Cranford is Mrs Gaskell's best-known and best-loved work. Until relatively recently it continued to be regarded as the quaintly comic and nostalgic depiction of provincial life which was enthusiastically embraced by Mrs Gaskell's contemporaries and which the work itself appears to be. Cranford began life, after all, as a short story (now the first two chapters of the book) written for Dickens's periodical Household Words and worked up from an earlier story-essay, “The Last Generation in England”, in which Mrs Gaskell had made use of her childhood experiences of the small country town of Knutsford. These opening chapters offer a distilled version of Cranford entire. Their distinctive hallmark is a …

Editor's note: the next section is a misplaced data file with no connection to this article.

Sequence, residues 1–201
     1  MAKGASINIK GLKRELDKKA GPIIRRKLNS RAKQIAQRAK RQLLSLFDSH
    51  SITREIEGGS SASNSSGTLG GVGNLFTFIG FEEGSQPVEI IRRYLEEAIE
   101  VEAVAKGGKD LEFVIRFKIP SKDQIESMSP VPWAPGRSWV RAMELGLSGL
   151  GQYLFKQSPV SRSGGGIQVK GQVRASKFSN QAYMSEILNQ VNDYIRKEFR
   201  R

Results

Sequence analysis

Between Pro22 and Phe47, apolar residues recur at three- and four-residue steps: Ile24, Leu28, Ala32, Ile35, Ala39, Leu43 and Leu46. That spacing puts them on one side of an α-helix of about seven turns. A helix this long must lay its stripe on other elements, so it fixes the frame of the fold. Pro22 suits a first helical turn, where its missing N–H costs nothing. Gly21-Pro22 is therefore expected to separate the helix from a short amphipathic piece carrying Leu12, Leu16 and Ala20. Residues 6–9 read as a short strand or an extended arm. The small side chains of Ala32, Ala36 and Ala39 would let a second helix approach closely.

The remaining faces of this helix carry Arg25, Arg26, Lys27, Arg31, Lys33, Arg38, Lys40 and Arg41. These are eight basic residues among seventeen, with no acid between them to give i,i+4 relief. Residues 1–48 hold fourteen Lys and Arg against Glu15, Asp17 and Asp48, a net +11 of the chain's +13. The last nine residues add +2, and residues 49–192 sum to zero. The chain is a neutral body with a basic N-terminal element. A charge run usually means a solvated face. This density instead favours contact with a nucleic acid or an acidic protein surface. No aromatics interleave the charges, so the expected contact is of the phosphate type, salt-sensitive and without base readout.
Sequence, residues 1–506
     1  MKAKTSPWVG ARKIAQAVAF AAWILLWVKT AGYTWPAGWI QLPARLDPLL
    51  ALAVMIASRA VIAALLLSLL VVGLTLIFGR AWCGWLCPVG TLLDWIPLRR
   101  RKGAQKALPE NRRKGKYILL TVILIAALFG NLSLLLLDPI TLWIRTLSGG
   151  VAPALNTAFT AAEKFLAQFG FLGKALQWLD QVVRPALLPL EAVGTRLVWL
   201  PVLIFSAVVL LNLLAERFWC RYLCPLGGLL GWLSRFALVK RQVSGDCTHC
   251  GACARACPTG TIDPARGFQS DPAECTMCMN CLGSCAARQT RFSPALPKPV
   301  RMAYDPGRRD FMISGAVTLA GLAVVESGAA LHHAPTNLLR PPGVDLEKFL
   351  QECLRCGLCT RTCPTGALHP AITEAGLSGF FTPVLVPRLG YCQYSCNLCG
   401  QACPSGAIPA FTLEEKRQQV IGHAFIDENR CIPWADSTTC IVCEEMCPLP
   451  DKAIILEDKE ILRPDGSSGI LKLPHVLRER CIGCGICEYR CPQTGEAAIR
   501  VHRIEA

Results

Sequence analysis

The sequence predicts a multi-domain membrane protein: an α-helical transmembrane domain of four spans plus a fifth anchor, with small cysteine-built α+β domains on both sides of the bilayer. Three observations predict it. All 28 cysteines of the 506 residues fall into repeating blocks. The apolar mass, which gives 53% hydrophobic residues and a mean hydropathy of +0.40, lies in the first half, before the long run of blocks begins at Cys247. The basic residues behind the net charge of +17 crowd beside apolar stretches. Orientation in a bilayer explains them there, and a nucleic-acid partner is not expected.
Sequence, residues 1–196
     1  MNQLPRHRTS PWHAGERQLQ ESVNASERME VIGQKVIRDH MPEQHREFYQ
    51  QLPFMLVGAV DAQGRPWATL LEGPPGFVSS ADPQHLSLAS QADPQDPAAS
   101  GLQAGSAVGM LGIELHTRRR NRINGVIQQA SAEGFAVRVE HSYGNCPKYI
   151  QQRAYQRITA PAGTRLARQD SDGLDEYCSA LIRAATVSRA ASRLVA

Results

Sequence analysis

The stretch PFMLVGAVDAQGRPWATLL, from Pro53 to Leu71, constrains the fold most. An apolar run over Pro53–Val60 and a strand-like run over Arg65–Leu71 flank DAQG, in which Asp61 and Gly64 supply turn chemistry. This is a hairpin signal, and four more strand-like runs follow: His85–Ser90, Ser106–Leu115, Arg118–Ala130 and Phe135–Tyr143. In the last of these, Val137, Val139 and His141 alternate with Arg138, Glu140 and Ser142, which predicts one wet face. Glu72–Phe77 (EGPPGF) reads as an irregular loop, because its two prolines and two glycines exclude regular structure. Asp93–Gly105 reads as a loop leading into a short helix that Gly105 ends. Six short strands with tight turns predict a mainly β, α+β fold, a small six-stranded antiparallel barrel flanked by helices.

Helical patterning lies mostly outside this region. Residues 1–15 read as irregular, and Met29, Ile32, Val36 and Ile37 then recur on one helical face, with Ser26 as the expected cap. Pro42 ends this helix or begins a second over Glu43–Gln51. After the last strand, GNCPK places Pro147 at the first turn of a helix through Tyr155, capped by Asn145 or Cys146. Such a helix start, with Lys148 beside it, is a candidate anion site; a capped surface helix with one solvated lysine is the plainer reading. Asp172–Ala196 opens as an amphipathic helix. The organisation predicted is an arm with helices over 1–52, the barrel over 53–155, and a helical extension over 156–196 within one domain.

Billington, Josie. "Cranford". The Literary Encyclopedia. First published 05 November 2001; last revised 30 November -1.
[http://www.litencyc.com/php/sworks.php?rec=true&UID=5808, accessed 25 April 2015.]